- Teaching and Learning
- Home Learning
- Resources and activities for learners who are self-isolating
Literacy is taught in the forms of reading and writing at Strathmore and is one of the most crucial subjects in our school day. We work hard to inspire and engage our children with exciting books and stimulus to encourage a real love for reading and writing at Strathmore school.
We highly value reading as a key life skill and are dedicated to enabling pupils to become lifelong readers. We do this through reading vocabulary rich material, learning through sensory stories, guided reading session, listening and understanding skills and shared story times. We intend to encourage pupils to read widely across both fiction and non-fiction to develop knowledge of themselves and the world in which they live; to establish a love of reading; to gain knowledge and ensure access to the wider curriculum; and develop communication skills.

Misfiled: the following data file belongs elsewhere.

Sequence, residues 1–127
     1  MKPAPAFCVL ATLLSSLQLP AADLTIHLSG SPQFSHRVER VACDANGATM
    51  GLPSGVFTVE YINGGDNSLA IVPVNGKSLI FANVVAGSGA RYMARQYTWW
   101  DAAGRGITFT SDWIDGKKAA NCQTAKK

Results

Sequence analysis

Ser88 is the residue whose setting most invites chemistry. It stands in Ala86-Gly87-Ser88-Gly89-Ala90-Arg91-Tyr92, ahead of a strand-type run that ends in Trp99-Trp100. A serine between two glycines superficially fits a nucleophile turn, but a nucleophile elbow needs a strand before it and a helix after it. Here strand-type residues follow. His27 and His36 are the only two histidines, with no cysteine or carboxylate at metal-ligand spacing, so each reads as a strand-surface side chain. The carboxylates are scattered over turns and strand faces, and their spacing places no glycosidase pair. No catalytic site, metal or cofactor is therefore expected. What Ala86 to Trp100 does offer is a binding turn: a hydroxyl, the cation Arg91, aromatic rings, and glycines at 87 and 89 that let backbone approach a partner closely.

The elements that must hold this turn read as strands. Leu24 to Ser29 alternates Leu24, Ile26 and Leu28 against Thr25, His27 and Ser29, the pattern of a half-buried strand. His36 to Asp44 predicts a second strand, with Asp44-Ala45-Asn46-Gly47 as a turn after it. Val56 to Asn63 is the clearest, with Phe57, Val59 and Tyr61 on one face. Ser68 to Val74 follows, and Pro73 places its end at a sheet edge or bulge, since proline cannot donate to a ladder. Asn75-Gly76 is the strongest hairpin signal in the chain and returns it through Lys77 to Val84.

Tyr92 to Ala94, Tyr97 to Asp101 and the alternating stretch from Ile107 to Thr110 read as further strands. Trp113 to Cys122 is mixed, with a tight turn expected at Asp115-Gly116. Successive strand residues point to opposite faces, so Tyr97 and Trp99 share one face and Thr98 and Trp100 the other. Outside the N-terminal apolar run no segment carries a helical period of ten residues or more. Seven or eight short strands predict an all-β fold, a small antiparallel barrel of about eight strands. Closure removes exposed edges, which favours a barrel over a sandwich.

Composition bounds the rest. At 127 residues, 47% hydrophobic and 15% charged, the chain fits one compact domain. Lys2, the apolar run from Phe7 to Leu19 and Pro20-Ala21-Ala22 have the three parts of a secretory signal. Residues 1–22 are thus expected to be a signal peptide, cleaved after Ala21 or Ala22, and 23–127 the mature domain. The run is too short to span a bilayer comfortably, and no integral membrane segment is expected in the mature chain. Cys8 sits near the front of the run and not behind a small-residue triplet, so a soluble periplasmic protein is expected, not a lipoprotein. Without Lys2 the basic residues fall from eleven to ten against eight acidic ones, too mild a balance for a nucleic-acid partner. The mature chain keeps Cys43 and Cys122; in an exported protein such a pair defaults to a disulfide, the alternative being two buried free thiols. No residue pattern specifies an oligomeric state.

At Strathmore School, we aim for pupils to develop a love of words, a love of written language, and appreciate writing as something that is done for pleasure, as well as purpose. All children from are provided with many opportunities to develop and apply their writing skills in all areas of the curriculum. This skill sits firmly in physical and motor development. It is recognised by professionals that to perform mark-making and handwriting, learners first need to develop physical skills such as hand-eye co-ordination; muscle memory; body control; pencil grasp and letter formation. Handwriting involves many complex skills such as knowledge of the letters of the alphabet and visual, perceptual skills.
The design of the curriculum considers the necessary physical and motor skills progression needed for learners to be able to make marks that may eventually lead to writing letters and words or lead to greater accuracy when using their preferred method of recording using technology.